No attack on the Redan would have been undertaken by the English as an isolated operation.
Continuing Capture of Sevastopol Ends Crimean War,
with a selection from by Edward B. Hamley published in . For works benefiting from the latest research see the “More information” section at the bottom of these pages. This selection is presented in 2 easy 5 minute installments.
Previously in Capture of Sevastopol Ends Crimean War.
Place: Sevastopol, Crimea
Accordingly, a council of war considered the matter. After the members had delivered their opinions, Pélissier expressed himself thus: “I too have my plan, but I will not breathe it to my pillow.” There is, however, no need to be so reticent with the reader. The French commander had learned that the relief of the troops in the works before him took place at noon, and that in order to avoid the great additional loss which would be caused by introducing the new garrisons before the old ones moved out, the contrary course was followed of marching out most of the occupants before replacing them. Thus noon was the time when the Malakoff would be found most destitute of defenders, and noon was to be the hour of the assault. Also another advantage was offered to the French. The salient of the Malakoff had been adapted to the form of the tower which it covered, and was therefore circular; consequently there was a space in it which could not be seen or fired on from the flanks; that was the space upon which the troops were to be directed.
Roadways twenty yards wide were made through the trenches, and then masked by gabions, easily thrown down, by which the reserves could be brought up in the shortest time. The Malakoff, the curtain, and the Little Redan were each to be attacked by a division, supported by a brigade; and four divisions, with other troops, were destined to attack the central bastion and works near it, and break thence by the rear, into the flagstaff bastion. But first the cannonade was to be renewed. It began on September 5th, and this time it encircled the whole fortress, the French batteries before the town opening no less vigorously than the rest. At night a frigate in the harbor was set on fire by a shell, and the conflagration for hours lighted up the surrounding scenery. On the 6th and 7th the feu d’enfer went on, the Russians replying but feebly; on the night of the 7th a line-of-battle ship was set on fire by a mortar, and burned nearly all night; it contained a large supply of spirits, the blue flames from which cast a lugubrious light on the ramparts from the harbor to the Malakoff, producing, says Todleben, “a painful impression on the souls of the defenders of Sevastopol.”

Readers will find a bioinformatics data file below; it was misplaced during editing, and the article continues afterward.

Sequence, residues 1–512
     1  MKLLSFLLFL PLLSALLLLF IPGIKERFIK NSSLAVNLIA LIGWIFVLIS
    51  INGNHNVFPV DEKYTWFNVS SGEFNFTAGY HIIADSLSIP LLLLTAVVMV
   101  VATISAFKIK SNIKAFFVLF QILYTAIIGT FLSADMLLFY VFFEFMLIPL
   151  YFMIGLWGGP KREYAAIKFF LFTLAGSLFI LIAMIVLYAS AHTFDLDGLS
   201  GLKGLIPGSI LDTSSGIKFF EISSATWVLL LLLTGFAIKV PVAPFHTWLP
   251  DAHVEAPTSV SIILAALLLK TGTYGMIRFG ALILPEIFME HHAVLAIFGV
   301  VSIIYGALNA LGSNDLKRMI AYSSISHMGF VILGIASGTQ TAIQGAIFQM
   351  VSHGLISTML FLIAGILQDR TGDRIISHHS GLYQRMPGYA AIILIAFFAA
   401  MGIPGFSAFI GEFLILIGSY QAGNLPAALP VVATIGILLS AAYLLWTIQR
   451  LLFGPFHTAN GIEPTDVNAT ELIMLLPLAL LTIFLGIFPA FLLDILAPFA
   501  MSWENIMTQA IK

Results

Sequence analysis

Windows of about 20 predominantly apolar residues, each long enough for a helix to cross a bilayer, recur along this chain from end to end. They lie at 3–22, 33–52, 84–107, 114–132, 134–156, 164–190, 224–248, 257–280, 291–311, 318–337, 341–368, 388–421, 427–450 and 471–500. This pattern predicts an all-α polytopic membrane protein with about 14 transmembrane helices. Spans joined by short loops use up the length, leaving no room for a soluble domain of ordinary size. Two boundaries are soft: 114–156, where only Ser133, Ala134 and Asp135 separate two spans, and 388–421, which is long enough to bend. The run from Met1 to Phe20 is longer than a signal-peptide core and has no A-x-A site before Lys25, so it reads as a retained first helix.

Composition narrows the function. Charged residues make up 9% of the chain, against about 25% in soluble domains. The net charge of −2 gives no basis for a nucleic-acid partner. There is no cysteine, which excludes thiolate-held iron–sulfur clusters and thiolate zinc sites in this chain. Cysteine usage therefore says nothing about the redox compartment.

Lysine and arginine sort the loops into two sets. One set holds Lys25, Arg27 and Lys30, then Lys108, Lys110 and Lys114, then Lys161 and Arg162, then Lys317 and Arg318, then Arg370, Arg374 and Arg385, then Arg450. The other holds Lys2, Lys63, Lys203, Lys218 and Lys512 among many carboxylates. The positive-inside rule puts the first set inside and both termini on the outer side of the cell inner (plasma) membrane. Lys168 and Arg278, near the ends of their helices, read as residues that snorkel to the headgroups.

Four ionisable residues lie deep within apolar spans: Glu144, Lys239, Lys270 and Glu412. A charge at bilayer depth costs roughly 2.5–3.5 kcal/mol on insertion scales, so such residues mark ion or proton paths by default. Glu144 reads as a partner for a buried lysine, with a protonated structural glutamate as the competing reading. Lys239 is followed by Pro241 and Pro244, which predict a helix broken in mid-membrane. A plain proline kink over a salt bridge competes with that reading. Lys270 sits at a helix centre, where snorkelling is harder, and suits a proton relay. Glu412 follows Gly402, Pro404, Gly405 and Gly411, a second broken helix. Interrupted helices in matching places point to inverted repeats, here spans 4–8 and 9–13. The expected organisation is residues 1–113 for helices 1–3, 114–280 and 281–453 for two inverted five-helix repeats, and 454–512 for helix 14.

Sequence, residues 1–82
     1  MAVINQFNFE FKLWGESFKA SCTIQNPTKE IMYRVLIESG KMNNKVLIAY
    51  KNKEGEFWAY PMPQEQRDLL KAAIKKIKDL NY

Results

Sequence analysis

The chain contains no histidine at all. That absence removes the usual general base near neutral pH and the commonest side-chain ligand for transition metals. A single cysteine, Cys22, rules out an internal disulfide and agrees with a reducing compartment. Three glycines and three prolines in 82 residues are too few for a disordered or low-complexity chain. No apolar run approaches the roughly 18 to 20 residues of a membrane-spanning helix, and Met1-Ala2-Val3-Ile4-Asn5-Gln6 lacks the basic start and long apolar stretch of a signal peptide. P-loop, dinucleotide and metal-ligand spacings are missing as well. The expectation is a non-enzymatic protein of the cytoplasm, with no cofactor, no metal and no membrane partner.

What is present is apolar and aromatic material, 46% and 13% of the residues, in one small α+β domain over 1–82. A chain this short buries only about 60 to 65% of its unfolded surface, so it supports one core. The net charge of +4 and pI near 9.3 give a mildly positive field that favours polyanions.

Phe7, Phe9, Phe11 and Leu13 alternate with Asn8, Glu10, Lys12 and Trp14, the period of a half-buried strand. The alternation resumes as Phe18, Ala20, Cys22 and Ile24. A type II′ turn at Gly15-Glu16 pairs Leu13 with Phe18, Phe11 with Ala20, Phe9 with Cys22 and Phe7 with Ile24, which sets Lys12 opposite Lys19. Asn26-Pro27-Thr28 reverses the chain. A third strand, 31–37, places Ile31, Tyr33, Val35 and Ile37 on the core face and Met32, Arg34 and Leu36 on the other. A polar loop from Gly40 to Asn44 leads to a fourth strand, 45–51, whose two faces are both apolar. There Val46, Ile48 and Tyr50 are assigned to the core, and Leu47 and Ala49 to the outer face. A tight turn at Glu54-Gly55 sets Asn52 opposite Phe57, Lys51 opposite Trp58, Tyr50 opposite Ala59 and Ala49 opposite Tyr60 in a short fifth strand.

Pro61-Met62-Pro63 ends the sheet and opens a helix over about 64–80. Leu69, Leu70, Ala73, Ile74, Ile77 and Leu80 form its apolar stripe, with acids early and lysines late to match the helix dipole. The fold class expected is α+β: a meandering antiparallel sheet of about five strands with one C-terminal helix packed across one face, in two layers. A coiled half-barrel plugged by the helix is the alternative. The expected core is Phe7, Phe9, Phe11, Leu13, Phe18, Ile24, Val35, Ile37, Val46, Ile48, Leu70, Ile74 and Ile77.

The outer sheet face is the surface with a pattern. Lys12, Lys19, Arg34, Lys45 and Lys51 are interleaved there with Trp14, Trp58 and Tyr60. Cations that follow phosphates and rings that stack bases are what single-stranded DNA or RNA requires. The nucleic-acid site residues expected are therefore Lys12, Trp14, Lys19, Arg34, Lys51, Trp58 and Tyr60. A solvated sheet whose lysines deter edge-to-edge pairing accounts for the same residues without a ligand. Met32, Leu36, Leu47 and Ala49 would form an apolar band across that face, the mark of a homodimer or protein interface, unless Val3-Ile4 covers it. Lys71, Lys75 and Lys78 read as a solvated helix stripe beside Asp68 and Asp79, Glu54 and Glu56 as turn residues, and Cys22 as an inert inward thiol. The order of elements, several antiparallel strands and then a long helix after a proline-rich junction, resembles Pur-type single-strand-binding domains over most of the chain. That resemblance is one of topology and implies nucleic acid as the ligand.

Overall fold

Daylight on the 8th found the Russian defenses completely manned, the guns loaded with grape, and the reserves brought close up. But the assault was not yet begun, and the result of these preparations to receive it was increased havoc in the exposed ranks of the defenders.